The first American film in Competition is a subtext-laden genre treat
- Critic's Rating B
- Readers' Rating n/a
CANNES - It might sound the most backhanded of compliments to begin a film review with praise for its hairdressing, but here goes: John Hillcoat's brisk, bloody and sharply appointed Prohibition thriller "Lawless" is the most immaculately barbered film in recent memory. From the pragmatically shaved planes of Tom Hardy's short-back-and-sides to Shia LaBeouf's dandily pomaded undercut to Guy Pearce's unforgivingly skunky centre-right parting, no tonsorial decision in this robust period piece has been idly or accidentally made, every style revealing something of the wearer's designs, demographic and disposition.
One of many well-tended details in a handsomely burnished production, this would be little more than an incidental virtue in most films, not least ones shooting straight for the multiplex crowd. In "Lawless," however, it's indicative of a second, subversive, perhaps even subliminal agenda, one that trumps its proficient, slightly over-simplified qualities as genre storytelling. I'm writing of its cool preoccupation with masculine presentation, how it can inform and sometimes disguise brackets of class and age -- evident as much in the ratty shit-colored cardigans worn by Hardy's stolidly rural moonshine merchant as in the newly acquired tailoring of LaBeouf as Hardy's younger, more aspirational brother.
The film takes aim at theaters this weekend
Oh yeah, Peter Berg's big ticket board game production (shoot me) hit theaters this weekend, too. I totally forgot (honest). Guy saw the film when it opened in the UK last month and was none too high on it in his Variety assessment. Anyway, if you have something to say about "Battleship," again, hit the comments section below.
Chilean auteur Pablo Larrain delivers the film of the fest so far
CANNES - With this year's Competition still searching for that unifying critical and audience hit -- though the two biggest hitters thus far, Jacques Audiard's "Rust and Bone" and Cristian Mungiu's "Beyond the Hills," have proven excitingly and necessarily divisive -- the longest and loudest rounds of applause appear to have been heard in the sidebars. Two of the four films I saw today elicited that kind of response, with audience members cheering and reprise-clapping at odd points in the closing credits in the manner that comfortably exceeds required festival politeness and firmly establishes that they like you, they really like you.
One of these successes, an Un Certain Regard selection that had already slayed the Sundance crowds a few months back, was to be expected; the other, from the lower-profile Directors' Fortnight selection, was more of a surprise. Chilean director Pablo Larrain hasn't, until now, been the kind of filmmaker to court such all-round approval: his cold-blooded political comedies "Tony Manero" and "Post Mortem" are something of an acquired taste even to those not alienated by their contextually non-transferrable Pinochet-rule milieu. Indeed, following its Venice premiere two years ago, I remember the closing credits of "Post Mortem" being greeted by nothing noisier than the stunned shuffle of footsteps as viewers made a beeline for the nearest stiff drink.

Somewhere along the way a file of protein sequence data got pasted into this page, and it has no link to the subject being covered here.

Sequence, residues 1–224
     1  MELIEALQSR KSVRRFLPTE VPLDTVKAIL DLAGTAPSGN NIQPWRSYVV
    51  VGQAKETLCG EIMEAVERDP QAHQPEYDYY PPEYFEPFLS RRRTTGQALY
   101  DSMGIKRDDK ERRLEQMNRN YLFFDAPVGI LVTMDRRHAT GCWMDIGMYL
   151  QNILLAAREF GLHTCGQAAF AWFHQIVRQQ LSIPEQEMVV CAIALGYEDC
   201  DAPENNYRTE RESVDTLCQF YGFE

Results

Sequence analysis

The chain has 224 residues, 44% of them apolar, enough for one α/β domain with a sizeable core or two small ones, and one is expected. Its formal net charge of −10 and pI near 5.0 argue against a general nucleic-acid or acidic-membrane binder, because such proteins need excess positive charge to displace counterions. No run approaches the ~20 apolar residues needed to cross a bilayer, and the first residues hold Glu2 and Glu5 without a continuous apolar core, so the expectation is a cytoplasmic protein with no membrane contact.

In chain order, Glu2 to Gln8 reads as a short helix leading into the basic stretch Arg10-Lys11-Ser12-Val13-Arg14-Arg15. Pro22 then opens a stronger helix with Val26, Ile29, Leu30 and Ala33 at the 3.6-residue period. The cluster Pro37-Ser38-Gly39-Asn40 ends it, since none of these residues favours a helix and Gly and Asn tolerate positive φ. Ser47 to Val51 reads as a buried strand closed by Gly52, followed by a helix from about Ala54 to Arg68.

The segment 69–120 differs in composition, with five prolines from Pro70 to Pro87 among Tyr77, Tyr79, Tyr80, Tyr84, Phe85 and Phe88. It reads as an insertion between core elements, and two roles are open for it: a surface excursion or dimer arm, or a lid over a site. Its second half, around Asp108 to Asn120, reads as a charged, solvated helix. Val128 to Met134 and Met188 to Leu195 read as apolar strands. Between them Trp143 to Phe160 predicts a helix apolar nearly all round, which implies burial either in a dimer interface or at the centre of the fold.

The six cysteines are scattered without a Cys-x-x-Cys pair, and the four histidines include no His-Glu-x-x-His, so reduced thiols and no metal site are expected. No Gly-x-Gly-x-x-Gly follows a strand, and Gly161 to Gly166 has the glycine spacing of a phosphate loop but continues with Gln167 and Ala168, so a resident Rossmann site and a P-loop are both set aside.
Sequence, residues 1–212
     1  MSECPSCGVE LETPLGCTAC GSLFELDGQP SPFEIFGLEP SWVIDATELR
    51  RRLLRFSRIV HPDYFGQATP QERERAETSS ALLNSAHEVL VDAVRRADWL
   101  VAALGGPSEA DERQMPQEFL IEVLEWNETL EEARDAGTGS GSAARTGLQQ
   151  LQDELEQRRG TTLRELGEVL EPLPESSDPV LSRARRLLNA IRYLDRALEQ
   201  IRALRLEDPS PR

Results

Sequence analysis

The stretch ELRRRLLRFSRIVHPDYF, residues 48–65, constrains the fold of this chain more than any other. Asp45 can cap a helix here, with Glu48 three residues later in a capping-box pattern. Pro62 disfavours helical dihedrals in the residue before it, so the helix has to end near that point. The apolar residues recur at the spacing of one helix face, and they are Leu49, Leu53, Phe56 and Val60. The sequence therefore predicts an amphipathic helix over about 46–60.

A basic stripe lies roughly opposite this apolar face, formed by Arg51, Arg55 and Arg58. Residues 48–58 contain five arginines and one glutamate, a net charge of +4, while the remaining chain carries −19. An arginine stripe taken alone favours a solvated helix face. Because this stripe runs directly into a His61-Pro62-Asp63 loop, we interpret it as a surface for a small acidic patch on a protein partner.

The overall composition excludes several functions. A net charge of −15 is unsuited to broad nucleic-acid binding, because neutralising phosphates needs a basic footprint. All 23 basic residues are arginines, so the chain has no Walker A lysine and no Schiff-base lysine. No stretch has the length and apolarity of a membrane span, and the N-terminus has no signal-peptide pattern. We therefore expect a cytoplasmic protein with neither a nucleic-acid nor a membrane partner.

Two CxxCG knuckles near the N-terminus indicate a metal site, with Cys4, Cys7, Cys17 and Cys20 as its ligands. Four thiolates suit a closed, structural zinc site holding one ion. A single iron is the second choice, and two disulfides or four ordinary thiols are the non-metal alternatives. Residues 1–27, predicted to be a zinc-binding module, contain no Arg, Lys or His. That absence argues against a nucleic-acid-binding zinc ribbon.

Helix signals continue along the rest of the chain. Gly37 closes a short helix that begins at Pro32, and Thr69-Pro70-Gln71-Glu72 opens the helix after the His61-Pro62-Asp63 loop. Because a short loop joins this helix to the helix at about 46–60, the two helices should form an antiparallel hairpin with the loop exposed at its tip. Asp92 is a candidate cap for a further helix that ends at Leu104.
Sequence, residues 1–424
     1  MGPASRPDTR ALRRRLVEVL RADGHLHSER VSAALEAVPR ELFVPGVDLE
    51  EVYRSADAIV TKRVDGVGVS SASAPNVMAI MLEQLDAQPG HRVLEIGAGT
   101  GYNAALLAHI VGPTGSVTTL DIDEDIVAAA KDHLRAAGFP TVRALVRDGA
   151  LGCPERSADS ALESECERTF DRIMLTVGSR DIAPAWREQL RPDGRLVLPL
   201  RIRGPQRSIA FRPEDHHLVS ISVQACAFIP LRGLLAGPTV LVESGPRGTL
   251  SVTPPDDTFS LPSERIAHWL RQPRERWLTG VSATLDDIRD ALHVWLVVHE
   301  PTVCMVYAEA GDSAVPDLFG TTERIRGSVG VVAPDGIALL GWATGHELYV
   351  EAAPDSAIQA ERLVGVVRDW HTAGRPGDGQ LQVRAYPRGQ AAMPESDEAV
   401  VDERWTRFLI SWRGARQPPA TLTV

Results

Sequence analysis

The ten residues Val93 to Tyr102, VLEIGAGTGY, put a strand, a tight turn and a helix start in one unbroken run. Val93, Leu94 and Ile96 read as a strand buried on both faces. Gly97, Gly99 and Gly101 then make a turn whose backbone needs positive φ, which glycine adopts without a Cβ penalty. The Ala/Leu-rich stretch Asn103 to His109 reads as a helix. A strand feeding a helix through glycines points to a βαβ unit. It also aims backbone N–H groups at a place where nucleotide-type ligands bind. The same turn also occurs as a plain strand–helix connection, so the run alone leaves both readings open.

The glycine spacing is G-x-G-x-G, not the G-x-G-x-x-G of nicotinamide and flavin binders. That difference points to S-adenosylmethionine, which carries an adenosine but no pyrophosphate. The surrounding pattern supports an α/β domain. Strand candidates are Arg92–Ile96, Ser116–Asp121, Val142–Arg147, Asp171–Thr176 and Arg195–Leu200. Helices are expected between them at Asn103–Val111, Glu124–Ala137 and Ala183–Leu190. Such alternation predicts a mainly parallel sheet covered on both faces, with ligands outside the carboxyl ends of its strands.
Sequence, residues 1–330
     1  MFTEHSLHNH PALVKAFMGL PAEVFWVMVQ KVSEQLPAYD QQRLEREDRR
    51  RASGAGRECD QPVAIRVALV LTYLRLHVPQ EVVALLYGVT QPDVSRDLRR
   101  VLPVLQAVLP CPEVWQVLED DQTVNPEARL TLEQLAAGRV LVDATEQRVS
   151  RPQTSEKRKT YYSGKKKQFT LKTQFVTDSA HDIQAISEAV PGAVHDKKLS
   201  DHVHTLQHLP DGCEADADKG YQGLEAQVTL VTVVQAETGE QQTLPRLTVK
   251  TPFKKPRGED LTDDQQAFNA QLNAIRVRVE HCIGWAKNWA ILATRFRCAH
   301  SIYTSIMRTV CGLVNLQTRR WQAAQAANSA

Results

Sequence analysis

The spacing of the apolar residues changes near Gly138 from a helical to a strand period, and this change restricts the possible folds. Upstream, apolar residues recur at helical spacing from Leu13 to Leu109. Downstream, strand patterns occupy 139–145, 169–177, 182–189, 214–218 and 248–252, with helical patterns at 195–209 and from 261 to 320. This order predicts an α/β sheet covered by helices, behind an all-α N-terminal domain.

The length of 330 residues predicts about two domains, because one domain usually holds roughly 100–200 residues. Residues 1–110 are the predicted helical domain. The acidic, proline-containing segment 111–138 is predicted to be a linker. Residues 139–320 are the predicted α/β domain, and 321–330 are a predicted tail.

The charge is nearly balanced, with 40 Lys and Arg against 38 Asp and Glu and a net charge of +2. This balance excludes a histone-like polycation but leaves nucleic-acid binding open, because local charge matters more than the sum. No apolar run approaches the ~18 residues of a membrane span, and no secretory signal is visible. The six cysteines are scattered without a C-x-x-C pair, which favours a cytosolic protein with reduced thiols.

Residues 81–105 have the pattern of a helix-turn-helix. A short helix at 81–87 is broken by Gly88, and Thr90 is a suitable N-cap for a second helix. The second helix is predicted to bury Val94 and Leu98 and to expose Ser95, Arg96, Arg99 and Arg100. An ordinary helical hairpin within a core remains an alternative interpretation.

Sacha Baron Cohen's latest hits theaters today
I haven't caught up with Sacha Baron Cohen's latest shenanigans in "The Dictator" yet but the wife thinks it looks funny so maybe we'll make it out this weekend. I do get the sense that things are running a bit thin and hope Cohen can jump into this Freddy Mercury thing ASAP for a nice shift (not that collaborations with Tim Burton and Martin Scorsese haven't been refreshing). Anyway, I imagine many of you will be seeing it, too, so when/if you do, head on back here with your thoughts.
Could the esteemed cast garner awards consideration at year's end?
Focus Features has an interesting little slate of films to pitch this season. There's Wes Anderson's latest, "Moonrise Kingdom," which opened Cannes earlier this week to mostly favorable reviews. Indeed, I found it to be one of his best, a charming mark of maturation for the filmmaker. There's also Joe Wright's big adaptation "Anna Karenina," which looks to be the heavyweight in the stable.
Then there's "Hyde Park on Hudson," director Roger Michell's latest. From the official synopsis: "In June 1939, President Franklin Delano Roosevelt and his wife Eleanor host the King and Queen of England for a weekend at the Roosevelt home at Hyde Park on Hudson, in upstate New York – the first-ever visit of a reigning English monarch to America. With Britain facing imminent war with Germany, the Royals are desperately looking to FDR for support.
"But international affairs must be juggled with the complexities of FDR’s domestic establishment, as wife, mother, and mistresses all conspire to make the royal weekend an unforgettable one. Seen through the eyes of Daisy, Franklin’s neighbor and intimate, the weekend will produce not only a special relationship between two great nations, but, for Daisy – and through her, for us all – a deeper understanding of the mysteries of love and friendship."